Why We Support One80TC

Plenty of weight training and outdoor activities are an important aspect

If you’re looking to combine your love of cycling with a worthwhile cause, you can chose from a lot of great charity rides these days. New rides are being started all over Australia.

Eleven years ago, we started the Bicycling Australia Challenge, now known as the Sydney to Hunter. Both the event name and the charity’s name have changed. Teen Challenge is now One80TC. But their purpose remains unchanged.

So far, this event has raised about one million dollars, with a significant portion of this coming from Bicycling Australia readers. So what’s One80TC all about and what do they do with the money?

If you’re a long time reader of Bicycling Australia, you may recall previous stories about One80TC, but we thought it was a good time to go back up to their bushland campus at the base of the Blue Mountains, west of Sydney and see how things were going.

One80TC turns lives around. They take in young men who have histories of drug addiction and other serious problems.

Centre Manager Gail Davies gave us an update and guided tour.

“In our program right now we have 40 beds available, plus 10 internship spots. When someone comes into the program, we start an induction phase. We talk about the stages of change. We talk about addiction. We look at what’s called ‘sleep hygiene’. For a lot of people that come in, they have their days and nights mixed up, they’ve been drug or alcohol induced for a long period of time so when they’re coming off these, their sleep is disrupted, so we teach them about how to get a good night’s sleep.

“Mental health is the other aspect of this. There’s a lot of psychosis that comes with the type of drugs that are out there. There’s depression and anxiety. You just don’t know what you’re going to get when you get someone coming off these drugs.

“Now while we’re a Christian based program, not everything we hand out to them is scripture and all that stuff, because we are still teaching them Godly principles but we’re not here to stuff God down their throats. That still has to be a free choice.

“A long-term program can go anywhere between nine and 12 months. It just depends on the person and what is going on in their lives and how well they engage in the beginning. We just had a guy that has finished with us who was here for 15 months. He had been exited out of the program a couple of times for bad behaviour but he came back and was able to complete what he was doing.

“We have a very structured program between Monday and Friday. We set times, so they know what time they have to get out of bed in the morning. We’ve got house duties that everyone participates in—cleaning to working in the kitchen, taking out garbage, mopping floors, washing windows, whatever.

“Yes, we do have our procedures and our policies, but it’s more emotional. It’s a lot better to take a guy out on the oval and have a talk with him rather than sitting in an office having a talk.

A Day in the Life

“We do sport two days per week. We either do it here on site or we take the guys into Richmond or to an oval where they can play footy or soccer or something like that.

“Once they finish that six week induction program they go on to our long term program. The only thing that really changes is the time slot that they had for inductions is then for personal study. Personal study is where we develop individual contracts for each person, based on what their needs and based on what some of their goals might be. We bring all that together for them on a monthly time track.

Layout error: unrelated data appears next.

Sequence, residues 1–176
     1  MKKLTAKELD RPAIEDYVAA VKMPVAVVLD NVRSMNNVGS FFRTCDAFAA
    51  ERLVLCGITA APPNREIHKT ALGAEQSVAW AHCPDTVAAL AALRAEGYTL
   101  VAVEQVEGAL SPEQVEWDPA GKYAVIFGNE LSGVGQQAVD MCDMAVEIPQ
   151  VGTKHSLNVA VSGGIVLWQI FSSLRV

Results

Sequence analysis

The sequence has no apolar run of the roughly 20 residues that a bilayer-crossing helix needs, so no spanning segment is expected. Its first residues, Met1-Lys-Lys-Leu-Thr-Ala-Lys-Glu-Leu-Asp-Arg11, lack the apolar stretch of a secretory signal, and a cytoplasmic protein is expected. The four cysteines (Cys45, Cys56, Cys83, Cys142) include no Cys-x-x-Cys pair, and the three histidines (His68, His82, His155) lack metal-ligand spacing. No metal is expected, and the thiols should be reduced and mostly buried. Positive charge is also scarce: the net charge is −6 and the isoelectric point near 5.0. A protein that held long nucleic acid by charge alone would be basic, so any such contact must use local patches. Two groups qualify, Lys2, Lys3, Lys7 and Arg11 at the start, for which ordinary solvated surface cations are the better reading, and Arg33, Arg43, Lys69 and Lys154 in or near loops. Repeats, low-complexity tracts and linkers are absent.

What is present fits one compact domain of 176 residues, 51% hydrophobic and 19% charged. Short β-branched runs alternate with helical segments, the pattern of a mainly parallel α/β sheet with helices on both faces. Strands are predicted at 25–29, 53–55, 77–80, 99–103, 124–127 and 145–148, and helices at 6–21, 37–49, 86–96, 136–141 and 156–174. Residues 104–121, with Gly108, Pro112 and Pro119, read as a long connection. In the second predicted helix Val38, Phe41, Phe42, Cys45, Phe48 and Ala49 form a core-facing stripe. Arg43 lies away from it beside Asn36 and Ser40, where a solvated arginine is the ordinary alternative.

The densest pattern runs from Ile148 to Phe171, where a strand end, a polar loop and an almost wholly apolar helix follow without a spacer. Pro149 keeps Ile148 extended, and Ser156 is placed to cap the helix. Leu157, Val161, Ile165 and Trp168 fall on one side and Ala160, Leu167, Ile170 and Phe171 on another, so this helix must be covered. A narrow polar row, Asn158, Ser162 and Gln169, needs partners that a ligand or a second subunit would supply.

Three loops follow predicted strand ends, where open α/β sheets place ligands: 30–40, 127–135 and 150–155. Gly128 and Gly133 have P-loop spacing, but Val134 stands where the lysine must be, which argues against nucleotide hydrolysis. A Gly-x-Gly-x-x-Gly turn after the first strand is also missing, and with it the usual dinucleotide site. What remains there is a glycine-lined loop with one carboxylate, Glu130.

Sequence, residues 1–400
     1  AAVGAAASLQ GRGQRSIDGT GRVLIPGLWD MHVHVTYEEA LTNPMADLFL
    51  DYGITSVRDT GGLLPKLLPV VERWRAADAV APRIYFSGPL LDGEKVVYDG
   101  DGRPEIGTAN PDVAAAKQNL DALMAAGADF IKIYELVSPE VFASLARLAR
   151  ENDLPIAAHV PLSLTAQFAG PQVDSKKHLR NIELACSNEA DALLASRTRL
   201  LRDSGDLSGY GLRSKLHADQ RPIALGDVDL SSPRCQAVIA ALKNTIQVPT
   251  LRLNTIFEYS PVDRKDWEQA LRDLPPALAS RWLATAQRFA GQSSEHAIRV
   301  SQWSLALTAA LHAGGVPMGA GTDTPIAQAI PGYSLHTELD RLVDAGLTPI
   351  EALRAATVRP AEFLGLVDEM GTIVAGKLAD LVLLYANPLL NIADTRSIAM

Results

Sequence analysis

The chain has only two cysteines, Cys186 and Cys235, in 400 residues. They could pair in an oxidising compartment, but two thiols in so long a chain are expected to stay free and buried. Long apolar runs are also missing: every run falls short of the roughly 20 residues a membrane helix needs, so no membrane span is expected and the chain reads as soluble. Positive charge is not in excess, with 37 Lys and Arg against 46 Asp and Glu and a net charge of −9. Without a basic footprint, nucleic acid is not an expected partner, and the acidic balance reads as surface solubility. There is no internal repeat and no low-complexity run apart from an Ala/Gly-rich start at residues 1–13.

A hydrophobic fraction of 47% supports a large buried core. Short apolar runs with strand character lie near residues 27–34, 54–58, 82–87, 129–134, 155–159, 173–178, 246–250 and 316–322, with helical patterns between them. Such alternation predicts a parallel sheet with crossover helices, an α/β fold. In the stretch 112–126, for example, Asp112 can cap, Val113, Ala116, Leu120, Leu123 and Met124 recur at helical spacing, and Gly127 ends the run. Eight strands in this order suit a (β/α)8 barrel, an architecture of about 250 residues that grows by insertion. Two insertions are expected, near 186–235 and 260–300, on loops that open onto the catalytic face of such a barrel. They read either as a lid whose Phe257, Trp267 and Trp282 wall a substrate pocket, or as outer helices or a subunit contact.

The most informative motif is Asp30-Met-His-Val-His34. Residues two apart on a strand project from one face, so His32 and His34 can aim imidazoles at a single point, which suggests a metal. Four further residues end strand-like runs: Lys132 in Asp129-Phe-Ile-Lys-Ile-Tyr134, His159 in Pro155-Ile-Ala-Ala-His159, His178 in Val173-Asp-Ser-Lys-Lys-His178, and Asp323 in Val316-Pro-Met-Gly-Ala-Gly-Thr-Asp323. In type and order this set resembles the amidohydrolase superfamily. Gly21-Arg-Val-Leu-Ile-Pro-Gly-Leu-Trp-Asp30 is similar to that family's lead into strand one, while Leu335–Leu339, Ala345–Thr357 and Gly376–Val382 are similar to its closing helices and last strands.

“There will be books that they have to read, there may be things that we’ll put on their iPods to listen to. There maybe hand outs that we’ve given to them that they’ve got to read and fill in the blanks kind of stuff. So it’s tailor made for each person and where they’re at.

“We’ve got a set list of those things that have to happen every day of the week. Everyone has to make their beds. We have room inspection. The bedrooms have a certain standard that they have to be in by 9am in the morning. If not we have discipline hours. Discipline hours are where they may be given a task to mow the lawn, or the oval or it could be raking up leaves. Mal’s quite creative in what he comes up with for discipline. So there’s a different range of things that we do.


“We try to have a minimum of one hour per week that the student has with his caseworker. That is different for each caseworker and how they work. It may be 10 minutes today and 10 minutes tomorrow, and then half an hour another day. It may be two hours in a day. It just depends upon what the needs of the student are.

“Guys when they first come in are very needy. Needing a lot of time to talk with the people and kind of just ‘off load’ what’s going on in their lives. And I guess, being heard for the first time. And then just building a relationship with the caseworker. That’s a big thing for us.

“Most of the people who come in here have severely broken relationships with people. We get people all the time that are shut down, that just don’t communicate. They just grunt or answer, “Yes.” or “No.”

“We get people that are angry. We get all kinds of people in here, but the relationship that they build with their caseworker is really the key to them moving forward, because they’d rather not trust people. To start trusting someone is huge for a lot of these guys.

“That is one of the big things that I think makes us different. We have that ability to truly build relationships. We’re not limited like in other rehabs where they’ve got set procedures and prescribed methods that they have to follow. Yes, we do have our procedures and our policies—certain things that we have to do in terms of dotting the I’s and crossing the T’s, but it’s more emotional. It’s a lot better to take a guy out on the oval and have a talk with him rather than sitting in an office having a talk. You’ll find a lot of these guys just won’t open up. Or even getting out and working alongside the guys, you’ll have better conversation with the person by doing something with them than you will sitting in an office. That’s a key part of what we do, building relationships between the guys and their caseworkers.